Jeffrey wants to avoid responsibility for his own visceral objection. Instead, he asks us to imagine the effect such legislation will have on our “innocent children.” Well, Jeff, some of those kids are gay. A lot of them have family members, brothers sisters, cousins, aunties and uncles who are gay. SOme of those kids have parents who are gay. Why do you want to confuse the kids and make them ashamed, or terrified, about their gay family members? Why to you want to reinforce the pain and loneliness these kids feel?

    The answer most apparent to me, is you think persecution and repression of gays is the best way of keeping kids from experimenting with gay sex. You want persecution and loneliness to be the disincentive for kids to “become” gay.

    30 years ago, Harvey Milk helped fight against the “Briggs Initiative,” which would have banned homosexuals from teaching “our kids.” The initiative barely lost. Thirty years later, California voted on full equal marriage rights with Prop 8. It barely won. In those three decades, people’s attitudes evolved so dramatically as to shift the debate that far. And the polling data shows it is the older folks who have not (yet) learned to accept homosexuals as fully equal human beings. The younger voters were overwhelmingly in favor of equal gay marriage rights.

    In many ways, todays “conservatives” are accepting of minority rights in a way their predecessors could not. Few conservatives are now openly racist, though 40 years ago their forebears were supporting miscegenation laws and opposing civil rights for blacks. Fewer of them are openly sexist–look at how many were passionate about Sarah Palin’s bid for VP. Because conservatives have become cheerleaders for Israel, their leaders have suppressed open anti-semitism in their ranks.

    The “Jeffries” of the world are being dragged along as American society becomes more tolerant of diversity. People of his ilk will always find some minority to denigrate, some prejudice to cling to.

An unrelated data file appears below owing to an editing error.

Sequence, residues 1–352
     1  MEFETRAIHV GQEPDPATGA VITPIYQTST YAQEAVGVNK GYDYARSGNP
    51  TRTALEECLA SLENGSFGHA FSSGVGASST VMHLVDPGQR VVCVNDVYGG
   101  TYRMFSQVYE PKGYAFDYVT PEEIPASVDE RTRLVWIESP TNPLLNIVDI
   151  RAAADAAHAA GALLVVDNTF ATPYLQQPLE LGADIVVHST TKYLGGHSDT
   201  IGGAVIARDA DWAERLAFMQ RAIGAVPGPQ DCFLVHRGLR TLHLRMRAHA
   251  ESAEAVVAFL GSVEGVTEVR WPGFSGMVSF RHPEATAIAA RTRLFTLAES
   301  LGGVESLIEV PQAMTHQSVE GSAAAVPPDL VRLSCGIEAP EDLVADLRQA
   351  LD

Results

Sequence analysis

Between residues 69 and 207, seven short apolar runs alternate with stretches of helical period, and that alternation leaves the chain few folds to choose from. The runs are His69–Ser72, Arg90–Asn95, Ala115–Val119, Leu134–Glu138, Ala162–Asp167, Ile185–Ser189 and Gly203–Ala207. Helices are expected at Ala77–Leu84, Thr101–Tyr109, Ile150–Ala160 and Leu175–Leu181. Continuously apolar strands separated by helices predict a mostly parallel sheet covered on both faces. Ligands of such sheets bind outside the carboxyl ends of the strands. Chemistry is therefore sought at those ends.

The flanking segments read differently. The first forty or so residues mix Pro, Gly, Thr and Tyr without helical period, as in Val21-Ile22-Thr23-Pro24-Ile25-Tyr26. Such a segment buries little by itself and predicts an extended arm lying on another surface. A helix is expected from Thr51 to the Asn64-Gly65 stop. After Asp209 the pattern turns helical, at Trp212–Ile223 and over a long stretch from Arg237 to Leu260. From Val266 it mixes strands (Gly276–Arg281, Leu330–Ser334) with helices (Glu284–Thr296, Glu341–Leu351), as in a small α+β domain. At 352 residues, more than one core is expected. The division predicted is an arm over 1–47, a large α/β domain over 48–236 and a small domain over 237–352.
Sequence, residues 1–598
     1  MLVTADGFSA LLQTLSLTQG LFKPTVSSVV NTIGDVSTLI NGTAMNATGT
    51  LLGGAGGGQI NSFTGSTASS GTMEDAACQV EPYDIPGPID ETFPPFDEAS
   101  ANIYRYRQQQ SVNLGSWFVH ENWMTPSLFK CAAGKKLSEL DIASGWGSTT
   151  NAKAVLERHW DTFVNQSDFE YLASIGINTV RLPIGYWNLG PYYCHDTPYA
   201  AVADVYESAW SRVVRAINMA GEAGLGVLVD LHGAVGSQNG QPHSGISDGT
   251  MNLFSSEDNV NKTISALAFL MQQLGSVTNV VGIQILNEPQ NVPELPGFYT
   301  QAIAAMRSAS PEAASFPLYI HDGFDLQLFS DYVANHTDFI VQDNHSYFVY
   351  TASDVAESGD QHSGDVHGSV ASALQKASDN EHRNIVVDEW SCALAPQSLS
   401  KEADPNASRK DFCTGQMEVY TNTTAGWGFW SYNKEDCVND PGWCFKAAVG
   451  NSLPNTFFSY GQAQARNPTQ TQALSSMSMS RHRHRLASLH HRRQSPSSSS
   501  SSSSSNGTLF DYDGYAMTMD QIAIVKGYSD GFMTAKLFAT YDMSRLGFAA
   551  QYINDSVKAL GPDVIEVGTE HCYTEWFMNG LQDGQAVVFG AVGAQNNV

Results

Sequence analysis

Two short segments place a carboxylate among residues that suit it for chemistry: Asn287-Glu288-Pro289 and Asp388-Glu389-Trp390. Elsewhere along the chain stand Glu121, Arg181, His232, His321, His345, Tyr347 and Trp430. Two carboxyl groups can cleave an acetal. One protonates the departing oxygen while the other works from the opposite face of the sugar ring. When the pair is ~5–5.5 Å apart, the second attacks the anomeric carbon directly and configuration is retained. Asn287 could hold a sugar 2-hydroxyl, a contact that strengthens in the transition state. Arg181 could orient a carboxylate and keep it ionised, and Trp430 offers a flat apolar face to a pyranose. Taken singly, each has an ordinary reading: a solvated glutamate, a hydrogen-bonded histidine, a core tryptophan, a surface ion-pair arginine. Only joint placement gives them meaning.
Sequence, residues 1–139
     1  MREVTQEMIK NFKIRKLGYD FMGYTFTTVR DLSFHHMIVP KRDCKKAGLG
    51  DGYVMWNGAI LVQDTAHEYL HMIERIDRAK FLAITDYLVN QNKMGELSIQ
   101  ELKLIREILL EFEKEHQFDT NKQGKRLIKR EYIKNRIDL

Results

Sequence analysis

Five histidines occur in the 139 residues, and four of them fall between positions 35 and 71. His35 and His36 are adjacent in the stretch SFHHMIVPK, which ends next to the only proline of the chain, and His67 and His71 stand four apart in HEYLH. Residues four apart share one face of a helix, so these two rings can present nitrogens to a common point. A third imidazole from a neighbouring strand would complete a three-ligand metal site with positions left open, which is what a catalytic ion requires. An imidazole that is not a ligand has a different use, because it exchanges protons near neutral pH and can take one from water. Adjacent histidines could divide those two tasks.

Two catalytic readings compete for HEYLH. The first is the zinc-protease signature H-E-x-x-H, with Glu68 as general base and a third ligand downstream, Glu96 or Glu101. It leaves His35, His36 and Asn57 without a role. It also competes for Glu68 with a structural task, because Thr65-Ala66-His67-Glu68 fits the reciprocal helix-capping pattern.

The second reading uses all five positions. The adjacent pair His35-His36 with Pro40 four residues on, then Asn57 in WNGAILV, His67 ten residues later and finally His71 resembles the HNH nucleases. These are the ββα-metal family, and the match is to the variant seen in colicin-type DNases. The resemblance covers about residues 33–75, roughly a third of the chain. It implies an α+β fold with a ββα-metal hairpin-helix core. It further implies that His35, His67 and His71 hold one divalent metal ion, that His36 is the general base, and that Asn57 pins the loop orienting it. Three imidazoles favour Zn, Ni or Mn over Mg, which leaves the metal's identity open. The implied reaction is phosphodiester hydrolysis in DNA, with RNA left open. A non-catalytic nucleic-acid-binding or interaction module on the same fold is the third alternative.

The United States is evolving into an authentically multi-ethnic, multi-cultural society. White, heterosexual males are losing SOME of their privilege, with the middle and lower income white males feeling the loss of their social standing the most painfully.

    If only we can make our economy a bit more democratic as well….

    Comment by kolea — February 19, 2009 @ 4:05 pm

  28. Youre my new hero, Kolea.


    Comment by hipoli — February 19, 2009 @ 7:41 pm

  29. Ted, kolea and hipoli,

    Like I told Doug, I don’t want to debate morals but rather address the practical political and educational consequences of HB 444.

    Your subjective meanderings may entertain and encourage others with your similar presuppositions, but they’re meaningless to the nuts and bolts of the matter.

    At least you concede that this is about how Hawaii’s children will be educated. Now what’s best to promote to our children through tax-payer funded public schools we differ on. I side with our laws expressing the ideal structure for the upbringing of children as a default to the revocation of any involvement in marriage or CU by the state. And dare I say you are on the side of the state-wide legally aggressive super-minority in what is consequential to public education.

    I don’t believe it, but your goals are now perceived by a growing amount of the Hawaii public as politically villainous offensively in pursuit of immoral goals with our children. Notice the radio, print advertisements and “protectourkeiki” website coordinated within a few days through bi and non-partisan efforts.

    Party elders who saw this coming when the bill was introduced were saying “What the hell are they doing?”